Heat production of gas mini motorcycles
Gas engines produce heat and while electric motors do produce heat, the amount compared to an air cooled gas engine is negligible. The benefits of this are twofold. One, you don’t have to worry about overheating while you are taking a break. Idling an air cooled engine is not like idling a water cooled engine. While you can sit in your car all day with the engine running and, assuming you don’t have cooling system problems, never overheat, with an air cooled engine if you sit too long without any airflow over the engine it will eventually overheat and can severely damage the engine. Most newer models will have a thermal shutoff as a failsafe to prevent damaged from overheating. Now I know what you are thinking, what about lawn mowers? You don’t get enough airflow over them to keep them cool while you are mowing grass in 100+ degree weather. Well, you are right, but the difference is in the design of the engine. Lawn mower engines do not need much power, usually just 1-2 horsepower for push mowers. Because they don’t need much power the compression ratio is lower on these engines. Most lawn mower engines are between 6:1 and 8:1 while most motorcycle engines are 9:1 to 10.5:1 with competition and custom engines going even higher, but these require higher octane fuel.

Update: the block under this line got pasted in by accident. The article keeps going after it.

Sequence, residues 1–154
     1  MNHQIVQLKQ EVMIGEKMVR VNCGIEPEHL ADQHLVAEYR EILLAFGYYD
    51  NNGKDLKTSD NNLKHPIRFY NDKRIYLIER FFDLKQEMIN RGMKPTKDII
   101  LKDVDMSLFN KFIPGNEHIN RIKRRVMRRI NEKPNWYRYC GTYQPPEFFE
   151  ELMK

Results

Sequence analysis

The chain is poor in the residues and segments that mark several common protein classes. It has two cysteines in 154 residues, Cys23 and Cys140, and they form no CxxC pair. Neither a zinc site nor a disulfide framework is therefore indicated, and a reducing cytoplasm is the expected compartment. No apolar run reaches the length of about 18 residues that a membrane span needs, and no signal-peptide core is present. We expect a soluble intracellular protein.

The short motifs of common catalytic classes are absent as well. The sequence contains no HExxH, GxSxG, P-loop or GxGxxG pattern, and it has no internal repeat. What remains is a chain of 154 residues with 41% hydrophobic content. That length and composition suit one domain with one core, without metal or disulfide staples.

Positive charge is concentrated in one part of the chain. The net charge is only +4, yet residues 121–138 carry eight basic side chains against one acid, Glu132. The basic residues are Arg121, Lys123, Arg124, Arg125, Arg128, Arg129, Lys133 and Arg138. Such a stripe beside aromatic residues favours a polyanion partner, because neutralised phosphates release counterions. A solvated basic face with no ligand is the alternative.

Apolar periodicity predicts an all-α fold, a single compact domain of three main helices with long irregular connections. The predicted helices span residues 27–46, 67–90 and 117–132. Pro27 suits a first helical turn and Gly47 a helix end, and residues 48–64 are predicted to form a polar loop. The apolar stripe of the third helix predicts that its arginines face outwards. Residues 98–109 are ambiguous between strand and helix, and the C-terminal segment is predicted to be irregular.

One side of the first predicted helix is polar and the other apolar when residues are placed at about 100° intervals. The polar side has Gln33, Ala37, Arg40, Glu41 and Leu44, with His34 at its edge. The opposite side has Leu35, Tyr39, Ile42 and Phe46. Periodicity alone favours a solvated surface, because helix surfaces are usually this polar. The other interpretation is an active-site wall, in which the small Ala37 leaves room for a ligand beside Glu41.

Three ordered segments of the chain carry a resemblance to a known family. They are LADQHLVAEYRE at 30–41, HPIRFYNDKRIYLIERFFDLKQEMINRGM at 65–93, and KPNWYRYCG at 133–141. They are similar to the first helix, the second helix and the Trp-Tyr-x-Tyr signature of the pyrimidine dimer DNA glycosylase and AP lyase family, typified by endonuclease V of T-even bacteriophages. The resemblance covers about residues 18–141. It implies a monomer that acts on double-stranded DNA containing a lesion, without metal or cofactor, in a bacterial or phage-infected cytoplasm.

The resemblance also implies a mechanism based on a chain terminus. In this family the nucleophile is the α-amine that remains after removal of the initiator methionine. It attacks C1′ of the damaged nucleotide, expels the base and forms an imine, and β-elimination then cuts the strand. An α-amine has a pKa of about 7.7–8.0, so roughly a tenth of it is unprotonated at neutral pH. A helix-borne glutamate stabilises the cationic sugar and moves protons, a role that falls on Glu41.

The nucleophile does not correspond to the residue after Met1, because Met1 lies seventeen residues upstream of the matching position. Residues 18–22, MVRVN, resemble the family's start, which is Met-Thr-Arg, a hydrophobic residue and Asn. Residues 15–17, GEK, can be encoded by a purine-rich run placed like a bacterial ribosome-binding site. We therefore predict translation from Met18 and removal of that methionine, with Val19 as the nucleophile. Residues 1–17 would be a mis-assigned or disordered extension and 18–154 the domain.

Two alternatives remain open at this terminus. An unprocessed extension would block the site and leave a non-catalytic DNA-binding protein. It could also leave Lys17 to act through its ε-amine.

The second benefit to electric motors running cooler than gas engines is that there are no hot exhaust or cooling fins to get burnt on. When I was around 12 I was still riding my Z50 and I was riding one day and a car turned down the alley and ran me off of the road into my neighbor’s ditch. When I fell my pants got caught in the chain and torn up past the knee, then the exhaust came down on my calf and let me tell you, exhaust burns are not fun.